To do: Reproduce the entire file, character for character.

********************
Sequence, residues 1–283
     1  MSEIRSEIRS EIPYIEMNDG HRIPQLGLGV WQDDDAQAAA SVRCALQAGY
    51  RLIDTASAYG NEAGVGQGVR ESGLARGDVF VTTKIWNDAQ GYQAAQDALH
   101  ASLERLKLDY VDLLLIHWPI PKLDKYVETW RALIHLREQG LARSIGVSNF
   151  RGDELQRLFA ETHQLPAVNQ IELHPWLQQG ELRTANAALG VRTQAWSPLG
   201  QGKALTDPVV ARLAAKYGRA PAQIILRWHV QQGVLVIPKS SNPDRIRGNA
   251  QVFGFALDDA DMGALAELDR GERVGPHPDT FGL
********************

Sequence, residues 1–283
     1  MSEIRSEIRS EIPYIEMNDG HRIPQLGLGV WQDDDAQAAA SVRCALQAGY
    51  RLIDTASAYG NEAGVGQGVR ESGLARGDVF VTTKIWNDAQ GYQAAQDALH
   101  ASLERLKLDY VDLLLIHWPI PKLDKYVETW RALIHLREQG LARSIGVSNF
   151  RGDELQRLFA ETHQLPAVNQ IELHPWLQQG ELRTANAALG VRTQAWSPLG
   201  QGKALTDPVV ARLAAKYGRA PAQIILRWHV QQGVLVIPKS SNPDRIRGNA
   251  QVFGFALDDA DMGALAELDR GERVGPHPDT FGL